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Archive for the ‘our children’ Category

wws-visit

Look who paid me a visit during the holidays. Yes, Wordsworth of my four children’s books of Wordsworth the little mouse poet who makes a difference with his poetic voice. But more than his visit, I heard this today. Remember Janet, the autistic woman who is finding such comfort in Wordsworth? Last night, her family found her reading the poem on thunderstorms from my book,Wordsworth the Poet. Janet is extremely afraid of thunder but last night, she fell asleep with the book in her hands. Thank you, Wordsworth!

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A former first grade student of 50 years ago, got in touch to thank me for teaching her how to read and for adding literature to her life. I sat stunned thinking, “I taught her to read. Imagine that.”

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Somewhere  a child is looking in as I did, at Christmas as it ought to be:Lighted Christmas trees, presents, carolers at the door, snowflakes andSanta Claus with bundles of toys. Somewhere a 16 year old is looking in, as I did, at romantic firesides, two lovers with crystals filled with wine with sounds of carolers at their door. Somewhere a parent is looking in, knowing the ink has run  dry for another loan as flashes of bank ads promise cash to make Christmas right.

Somewhere still, a child is drawn to the sound of bells and puts his last dime into the kettle red. Somewhere a child is visiting the forgotten in nursing homes with cookies of lopsided trees and four pointed stars sprinkled with red and green.Somewhere a child hands a loaf of warm bread and a cup of cocoa to a homeless who blesses the child, then returns home, looking in.

On Sale

I walk the city under neon lights

Watching shoppers dodge and fight

The endless maze of traffic rush.

They toss in pennies

In corner pails

As chimes ring out

All joy to the world.

They hang out wreaths

On window panes

They wrap and curl

Green plastic bows.

They’ve listened good

To the Adman’s soul.

He’s promised them Joy.

Peace. Love.

Happiness. Goodwill.

Hallelujah to all.

I wonder how many people here tonight

Fear the coming of the promised morn.

( From my Golden Spike, 1973)

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A  Plea

They call me ugly.

They call me names.

But I don’t cry.

I feel nothing.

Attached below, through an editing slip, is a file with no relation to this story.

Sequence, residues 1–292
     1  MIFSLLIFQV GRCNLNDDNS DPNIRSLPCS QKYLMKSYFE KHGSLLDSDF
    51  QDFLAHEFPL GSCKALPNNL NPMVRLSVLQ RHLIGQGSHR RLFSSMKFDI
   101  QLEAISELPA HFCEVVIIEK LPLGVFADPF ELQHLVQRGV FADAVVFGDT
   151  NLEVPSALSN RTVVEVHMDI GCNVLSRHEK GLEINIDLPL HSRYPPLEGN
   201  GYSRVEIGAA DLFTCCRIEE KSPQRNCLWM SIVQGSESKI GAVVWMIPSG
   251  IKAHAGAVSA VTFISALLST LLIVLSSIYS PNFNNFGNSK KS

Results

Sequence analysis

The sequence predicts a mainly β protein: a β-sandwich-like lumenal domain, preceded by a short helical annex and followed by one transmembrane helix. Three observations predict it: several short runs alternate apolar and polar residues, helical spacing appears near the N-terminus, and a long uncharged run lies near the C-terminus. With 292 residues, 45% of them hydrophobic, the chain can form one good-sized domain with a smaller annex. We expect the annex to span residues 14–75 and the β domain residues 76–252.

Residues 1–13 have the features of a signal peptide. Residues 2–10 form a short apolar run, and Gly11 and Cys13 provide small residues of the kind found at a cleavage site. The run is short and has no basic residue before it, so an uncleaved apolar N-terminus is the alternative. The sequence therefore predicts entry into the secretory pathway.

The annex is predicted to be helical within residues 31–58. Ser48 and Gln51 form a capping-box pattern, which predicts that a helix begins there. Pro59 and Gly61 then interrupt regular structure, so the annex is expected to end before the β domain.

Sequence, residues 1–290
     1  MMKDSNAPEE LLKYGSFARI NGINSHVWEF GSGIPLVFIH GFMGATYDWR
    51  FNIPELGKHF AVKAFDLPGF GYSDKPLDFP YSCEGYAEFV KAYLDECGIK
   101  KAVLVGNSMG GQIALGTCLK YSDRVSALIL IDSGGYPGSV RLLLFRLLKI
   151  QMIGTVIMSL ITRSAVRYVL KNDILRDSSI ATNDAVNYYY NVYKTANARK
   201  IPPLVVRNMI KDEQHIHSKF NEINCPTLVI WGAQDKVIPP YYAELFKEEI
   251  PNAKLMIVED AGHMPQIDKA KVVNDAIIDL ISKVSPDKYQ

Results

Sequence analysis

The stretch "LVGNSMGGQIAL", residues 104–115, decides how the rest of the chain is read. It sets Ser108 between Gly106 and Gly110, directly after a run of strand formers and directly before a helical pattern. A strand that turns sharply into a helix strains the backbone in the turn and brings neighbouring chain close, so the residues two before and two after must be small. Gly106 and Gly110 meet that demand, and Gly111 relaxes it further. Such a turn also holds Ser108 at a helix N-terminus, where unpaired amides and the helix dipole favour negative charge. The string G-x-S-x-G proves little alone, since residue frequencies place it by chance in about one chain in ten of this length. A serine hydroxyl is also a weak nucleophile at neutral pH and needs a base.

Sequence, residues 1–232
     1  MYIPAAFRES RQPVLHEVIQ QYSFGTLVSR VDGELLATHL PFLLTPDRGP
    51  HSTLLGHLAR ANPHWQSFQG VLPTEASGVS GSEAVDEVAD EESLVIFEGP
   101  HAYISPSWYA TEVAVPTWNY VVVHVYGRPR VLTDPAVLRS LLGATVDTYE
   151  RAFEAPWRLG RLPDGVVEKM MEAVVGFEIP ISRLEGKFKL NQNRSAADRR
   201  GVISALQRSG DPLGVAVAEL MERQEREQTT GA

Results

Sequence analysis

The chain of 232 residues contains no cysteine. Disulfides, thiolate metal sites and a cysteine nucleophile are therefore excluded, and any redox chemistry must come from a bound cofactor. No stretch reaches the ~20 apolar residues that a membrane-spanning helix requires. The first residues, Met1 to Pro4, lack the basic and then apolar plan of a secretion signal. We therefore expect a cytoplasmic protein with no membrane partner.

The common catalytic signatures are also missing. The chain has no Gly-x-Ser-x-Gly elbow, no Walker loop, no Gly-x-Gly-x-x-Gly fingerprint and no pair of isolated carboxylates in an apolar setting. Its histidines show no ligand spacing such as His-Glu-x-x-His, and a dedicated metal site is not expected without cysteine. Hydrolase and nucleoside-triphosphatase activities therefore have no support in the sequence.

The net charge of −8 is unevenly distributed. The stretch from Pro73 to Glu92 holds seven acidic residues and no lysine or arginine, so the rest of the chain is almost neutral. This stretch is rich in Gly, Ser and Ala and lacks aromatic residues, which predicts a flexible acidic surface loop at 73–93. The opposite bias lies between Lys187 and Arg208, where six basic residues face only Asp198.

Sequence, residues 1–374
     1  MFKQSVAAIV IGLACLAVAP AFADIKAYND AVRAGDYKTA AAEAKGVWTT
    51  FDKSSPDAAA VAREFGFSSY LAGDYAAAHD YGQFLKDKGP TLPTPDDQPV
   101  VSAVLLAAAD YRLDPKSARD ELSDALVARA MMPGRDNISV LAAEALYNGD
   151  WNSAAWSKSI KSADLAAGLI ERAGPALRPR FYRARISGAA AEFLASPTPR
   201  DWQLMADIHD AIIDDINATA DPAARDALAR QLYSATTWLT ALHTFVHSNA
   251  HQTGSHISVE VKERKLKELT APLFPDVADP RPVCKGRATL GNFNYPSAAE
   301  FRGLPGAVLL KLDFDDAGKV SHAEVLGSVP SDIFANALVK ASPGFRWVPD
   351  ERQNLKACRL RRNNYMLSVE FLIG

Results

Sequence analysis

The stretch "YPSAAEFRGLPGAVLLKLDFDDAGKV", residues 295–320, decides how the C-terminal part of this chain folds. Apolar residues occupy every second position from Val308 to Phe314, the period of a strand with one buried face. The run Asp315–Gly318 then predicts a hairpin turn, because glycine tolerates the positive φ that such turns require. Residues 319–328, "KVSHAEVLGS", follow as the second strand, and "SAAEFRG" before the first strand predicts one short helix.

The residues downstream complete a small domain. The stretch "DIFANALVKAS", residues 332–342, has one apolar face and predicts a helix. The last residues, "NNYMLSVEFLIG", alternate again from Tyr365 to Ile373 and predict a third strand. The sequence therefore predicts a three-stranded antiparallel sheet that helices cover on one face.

They call me ugly.

They call me names.

I feel sad.

I feel mad.

But I don’t cry.

I feel scared,

Oh so scared

Of thunder and lightning

But I don’t cry.

I feel different.

So please stop.

That’s not nice.

Don’t be mean.

I have muscles.

And I don’t cry.

I feel nothing.

By Mr. Kramer’s and Mrs. Williams’ classes

The students, ages 18-22,  all won my heart.I had the honor of visiting two classrooms of students who live with Autism.It all began with my children’s book Wordsworth the Poet.Janet, one of the  students with autism,  found so much comfort and joy with Wordsworth, that she and her family invited me to read Wordsworth the Poet to her classmates. Wordsworth is a little mouse poet and that is the cause of his problem. People make fun of him and call him different. But he continues to be a poet and at the end, his family, friends and villagers accept him for who he is.

“They still cannot understand why Wordsworth is what he is. They still cannot understand

how Wordsworth can feel and see so many things. But they no longer worry about him or make fun of him. Now they look at Wordsworth and say, “Wordsworth is a poet.”

Excerpt from Wordsworth the Poet

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Hope

The song is dead.

The swordsman takes

The Victor’s stance.

But somewhere, still

A newborn child

Hears the promised song.

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(more…)

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If I were Judge, I would not use punitive sentences to those who are not of danger to our communities, instead, I would sentence them to acts of human kindness.

For  a year or two or three, go out into the community and conduct acts of kindness to strangers. If guilty of a hate crime, adopt a family of your “hate” and aid them in becoming a part of our community. Work with the children and help them adjust to our schools. Punitive actions do not seem to alter negative human nature…Studying our history of human injustice has not made much of a dent. Perhaps,we need to use human kindness instead of intellectualizing with history and dialogs.


					

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